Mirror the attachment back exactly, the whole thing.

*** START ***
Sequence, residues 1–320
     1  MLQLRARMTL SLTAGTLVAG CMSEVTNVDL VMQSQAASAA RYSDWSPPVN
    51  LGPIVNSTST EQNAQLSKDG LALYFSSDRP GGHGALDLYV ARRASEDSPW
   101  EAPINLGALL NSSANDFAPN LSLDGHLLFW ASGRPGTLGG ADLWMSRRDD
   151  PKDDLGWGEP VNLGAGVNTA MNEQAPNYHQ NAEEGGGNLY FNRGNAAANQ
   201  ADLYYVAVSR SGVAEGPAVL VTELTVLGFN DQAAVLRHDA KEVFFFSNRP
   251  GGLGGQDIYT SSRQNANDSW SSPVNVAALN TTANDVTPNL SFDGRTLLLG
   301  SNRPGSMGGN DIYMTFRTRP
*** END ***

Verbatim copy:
Sequence, residues 1–320
     1  MLQLRARMTL SLTAGTLVAG CMSEVTNVDL VMQSQAASAA RYSDWSPPVN
    51  LGPIVNSTST EQNAQLSKDG LALYFSSDRP GGHGALDLYV ARRASEDSPW
   101  EAPINLGALL NSSANDFAPN LSLDGHLLFW ASGRPGTLGG ADLWMSRRDD
   151  PKDDLGWGEP VNLGAGVNTA MNEQAPNYHQ NAEEGGGNLY FNRGNAAANQ
   201  ADLYYVAVSR SGVAEGPAVL VTELTVLGFN DQAAVLRHDA KEVFFFSNRP
   251  GGLGGQDIYT SSRQNANDSW SSPVNVAALN TTANDVTPNL SFDGRTLLLG
   301  SNRPGSMGGN DIYMTFRTRP